Markosia's astounding collection of Henry Flint's nonsense scribbling is an absolute must-buy and a no-brainer when I spotted it and Flint himself sharing a table together at Bristol 2013. Cy Dethan's well-judged commentary is fluidly constructed and self-aware enough to avoid coming across as purely sycophantic or overly leading and Sharman's stark design is wisely unobtrusive and lets the doodles speak for themselves. Really though the star of the show is Flint - one of the most visually striking British artists and easily one of the brightest talents from the already-blinding pages of 2000ad. His transcendentally cluttered inky confusions are appealing in the extreme - even some of the most abstract have some minuscule anchor into logic that makes them instantly accessible and endlessly absorbing. His collaborations with his daughter Rosalie are a joyful highlight - but the whole book is outrageously good. Markosia have done a grand thing putting this out and it's the pride of my bookshelf. Just knowing that at this very moment Flint is likely drawing up a storm somewhere makes me absurdly happy.

The Goose (Self Published) Daniel Bell
The Goose
The second of my Bristol 2013 haul is a moderately successful attempt to merge kitchen sink drama with superheroics. It follows the solo adventures of The Goose, a psychic female superhero from "The League of Powers" which as I understand it was another small press book by the now-defunct Underfire comics. A lot of the weight within this story relies on you having read these adventures before and the single "see League of Powers" caption within doesn't really do the job that maybe a paragraph or two of backstory in the inside front cover would have done. As such it's a slightly confused read and lacks the punch of a real ending. It's not without charm though - particularly with some strong visual moments from Bell and the essentially likeable central character. The contrast between her mysterious (for me anyway) superheroic past, her mundane day-to-day and the sinister machinations of the background antagonist is compelling and I'd definitely pursue the story if it continues - although Mr Bell is currently busying himself producing some truly epic viking pages for Time Bomb's "Defiant" which should occur later in 2014

Saturday, 21 December 2013

Festive Blog

My one concession to the midwinter season is THIS

Bah wotsitbug. It's been a very busy and long time since I last blogged and I suppose the biggest news is that I've decided to go freelance - so I've been busying away on commissions and suchlike. On a completely unrelated note this is probably the most impoverished I've ever been at Christmas so I'll be eating coal and giving the gift of laughter. Huzzah!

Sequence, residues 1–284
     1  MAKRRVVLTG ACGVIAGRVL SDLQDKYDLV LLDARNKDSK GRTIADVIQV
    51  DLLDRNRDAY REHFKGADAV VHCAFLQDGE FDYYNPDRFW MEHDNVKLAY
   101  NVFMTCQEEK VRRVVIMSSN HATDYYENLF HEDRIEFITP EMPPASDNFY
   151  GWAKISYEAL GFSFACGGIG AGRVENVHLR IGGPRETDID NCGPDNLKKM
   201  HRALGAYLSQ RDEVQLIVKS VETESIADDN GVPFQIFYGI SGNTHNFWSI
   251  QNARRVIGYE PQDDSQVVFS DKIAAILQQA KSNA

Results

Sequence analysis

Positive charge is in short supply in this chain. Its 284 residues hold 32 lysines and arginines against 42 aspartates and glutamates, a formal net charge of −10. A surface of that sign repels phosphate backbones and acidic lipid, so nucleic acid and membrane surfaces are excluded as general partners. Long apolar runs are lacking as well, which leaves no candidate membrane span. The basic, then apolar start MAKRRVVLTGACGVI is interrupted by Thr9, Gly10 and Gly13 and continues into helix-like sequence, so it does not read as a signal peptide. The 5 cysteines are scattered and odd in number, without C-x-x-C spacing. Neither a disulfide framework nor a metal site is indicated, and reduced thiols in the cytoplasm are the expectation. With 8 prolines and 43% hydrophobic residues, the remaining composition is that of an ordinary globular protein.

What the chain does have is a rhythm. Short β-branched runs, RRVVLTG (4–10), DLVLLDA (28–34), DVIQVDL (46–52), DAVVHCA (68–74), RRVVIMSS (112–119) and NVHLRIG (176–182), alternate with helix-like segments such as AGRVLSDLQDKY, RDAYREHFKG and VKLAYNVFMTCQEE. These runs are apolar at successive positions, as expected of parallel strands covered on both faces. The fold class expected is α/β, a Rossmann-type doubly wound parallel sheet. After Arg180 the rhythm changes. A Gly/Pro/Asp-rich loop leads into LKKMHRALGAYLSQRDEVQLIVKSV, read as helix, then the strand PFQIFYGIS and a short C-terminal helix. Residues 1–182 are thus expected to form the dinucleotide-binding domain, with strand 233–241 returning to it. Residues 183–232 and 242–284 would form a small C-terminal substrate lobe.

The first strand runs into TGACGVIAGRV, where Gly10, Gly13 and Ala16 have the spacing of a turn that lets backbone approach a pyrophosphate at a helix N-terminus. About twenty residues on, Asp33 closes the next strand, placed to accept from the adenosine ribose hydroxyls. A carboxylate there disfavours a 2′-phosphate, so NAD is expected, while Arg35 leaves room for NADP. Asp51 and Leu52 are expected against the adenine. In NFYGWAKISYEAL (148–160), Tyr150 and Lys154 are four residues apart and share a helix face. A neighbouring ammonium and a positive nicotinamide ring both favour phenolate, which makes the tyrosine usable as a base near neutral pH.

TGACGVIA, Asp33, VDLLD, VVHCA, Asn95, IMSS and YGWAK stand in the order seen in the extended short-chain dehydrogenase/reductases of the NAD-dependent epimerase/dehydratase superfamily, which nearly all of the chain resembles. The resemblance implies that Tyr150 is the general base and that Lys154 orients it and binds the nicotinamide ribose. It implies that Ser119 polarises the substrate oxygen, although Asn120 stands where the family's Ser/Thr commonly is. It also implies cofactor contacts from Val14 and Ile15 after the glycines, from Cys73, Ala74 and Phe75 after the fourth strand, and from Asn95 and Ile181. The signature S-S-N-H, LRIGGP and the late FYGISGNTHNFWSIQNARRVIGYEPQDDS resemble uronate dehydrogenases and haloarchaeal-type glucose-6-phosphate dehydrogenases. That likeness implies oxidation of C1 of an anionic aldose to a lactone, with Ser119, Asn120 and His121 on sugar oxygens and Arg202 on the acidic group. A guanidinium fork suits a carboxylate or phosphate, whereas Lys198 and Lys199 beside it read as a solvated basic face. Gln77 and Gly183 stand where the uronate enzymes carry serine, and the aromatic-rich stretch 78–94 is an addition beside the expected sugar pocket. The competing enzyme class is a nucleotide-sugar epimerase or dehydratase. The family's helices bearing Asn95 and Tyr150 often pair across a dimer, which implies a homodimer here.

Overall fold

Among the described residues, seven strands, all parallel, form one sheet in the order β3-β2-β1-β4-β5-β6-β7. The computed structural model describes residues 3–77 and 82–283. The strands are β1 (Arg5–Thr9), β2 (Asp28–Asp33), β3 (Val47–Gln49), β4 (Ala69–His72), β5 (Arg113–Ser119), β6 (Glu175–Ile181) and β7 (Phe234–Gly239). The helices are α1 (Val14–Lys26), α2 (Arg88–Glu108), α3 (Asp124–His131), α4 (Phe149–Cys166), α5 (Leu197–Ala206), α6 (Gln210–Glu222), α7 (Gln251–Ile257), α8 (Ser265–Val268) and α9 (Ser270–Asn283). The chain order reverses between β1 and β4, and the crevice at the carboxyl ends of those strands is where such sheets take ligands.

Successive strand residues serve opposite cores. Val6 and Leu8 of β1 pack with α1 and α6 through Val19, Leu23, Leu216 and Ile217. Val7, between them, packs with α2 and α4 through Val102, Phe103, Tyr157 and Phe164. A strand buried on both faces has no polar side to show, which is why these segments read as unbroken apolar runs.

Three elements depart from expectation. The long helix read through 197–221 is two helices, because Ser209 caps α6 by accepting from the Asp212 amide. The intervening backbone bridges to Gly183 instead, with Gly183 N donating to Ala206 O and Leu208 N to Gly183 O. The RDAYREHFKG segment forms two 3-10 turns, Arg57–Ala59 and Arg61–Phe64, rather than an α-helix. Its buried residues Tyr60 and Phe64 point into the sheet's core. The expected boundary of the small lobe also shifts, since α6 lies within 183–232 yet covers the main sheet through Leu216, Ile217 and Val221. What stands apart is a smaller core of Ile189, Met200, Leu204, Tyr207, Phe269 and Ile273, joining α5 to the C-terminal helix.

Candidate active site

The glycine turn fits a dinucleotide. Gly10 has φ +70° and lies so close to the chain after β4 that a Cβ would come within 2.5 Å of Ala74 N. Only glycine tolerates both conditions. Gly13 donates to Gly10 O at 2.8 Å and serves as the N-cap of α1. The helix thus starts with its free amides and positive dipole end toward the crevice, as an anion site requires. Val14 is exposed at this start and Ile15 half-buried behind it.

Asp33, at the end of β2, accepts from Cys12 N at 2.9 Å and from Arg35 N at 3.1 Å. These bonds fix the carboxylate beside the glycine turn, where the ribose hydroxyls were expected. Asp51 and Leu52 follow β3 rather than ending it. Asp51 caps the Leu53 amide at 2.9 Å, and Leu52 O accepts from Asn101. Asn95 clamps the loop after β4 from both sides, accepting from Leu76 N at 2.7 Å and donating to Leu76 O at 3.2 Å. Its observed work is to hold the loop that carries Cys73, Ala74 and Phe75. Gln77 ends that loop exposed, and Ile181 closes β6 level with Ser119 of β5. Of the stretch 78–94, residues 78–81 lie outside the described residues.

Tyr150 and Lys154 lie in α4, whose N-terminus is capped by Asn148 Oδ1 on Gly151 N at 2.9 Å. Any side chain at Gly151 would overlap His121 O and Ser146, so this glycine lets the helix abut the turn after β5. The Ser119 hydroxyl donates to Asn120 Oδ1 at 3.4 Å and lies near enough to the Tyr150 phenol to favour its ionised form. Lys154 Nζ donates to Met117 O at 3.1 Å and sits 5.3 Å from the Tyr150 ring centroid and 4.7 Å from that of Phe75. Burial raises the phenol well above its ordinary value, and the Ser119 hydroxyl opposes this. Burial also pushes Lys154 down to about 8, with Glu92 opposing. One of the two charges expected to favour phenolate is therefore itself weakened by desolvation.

Flaubert St Cloud XXVI by crazyfoxmachine

This is the latest part of Flaubert St Cloud (Goat) a sprawling saga that will likely go on until the end of the world. It is written by my partner in crime Geoffery Crescent and you can see the whole thing HERE.

Commission for Neil - featuring the UNLIKELIEST SUPERHERO TEAM.Karl Marx, Dredd, Neil’s brother & g/f, Batman, Grimes (Rick) and Omar Rodriguez Lopez of the Mars Volta

One of the aforementioned commissions for a Mr Neil. It features an unlikely superhero team composed of (L-R): Karl Marx, Dredd, Neil's brother & girlfriend, Batman, Rick Grimes & Omar Rodriguez-Lopez of the Mars Volta. I'd actually very much read a comic based on this team's exploits. I can't even imagine what their base would look like... would it be a caravan?

A similarly odd roster is that of the Great Lakes Avengers which I drew for TAB. The idea is from Geoffery and they are an odd bunch. L-R: Mr Impossible, Dinah Soar, Flatman, Big Bertha, Doorman & Squirrel Girl. There have been a few comics with these fellahs in, and doubtless they are marvellous. 

Above is one of the most amazing things I've been involved with: Colouring Mick McMahon. The 2000ad legend did these images as pencils and Neil "Bhuna" Roche took it on himself to ink them and requested I give 'em colour. We decided to do them as a treat for the 2000ad forum advent calendar - where the boardfolk present creative outpourings every day of December. It's one of the best things about the forum and is always mind-blowingly brilliant. With McMahon's blessing we put them up and all was well - it also got shared about by 2000ad itself which is a bit magic :D All in all - one of the more satisfying things I've done recently!
Sadly this month saw the demise of Blam - a local comic networking group that I started in the early summer of 2012. We regularly met at a good local pub and we had many many larks. Much was doodled and drunkenly discussed. Out of the boozy ashes will spring a new thing in early 2014 but that's still in development. It will take the form of, initially at least, an art centric jammy type drawing thing in my favourite ever Bristol drinking establishment - but more of that later. For now... farewell sweet Blam.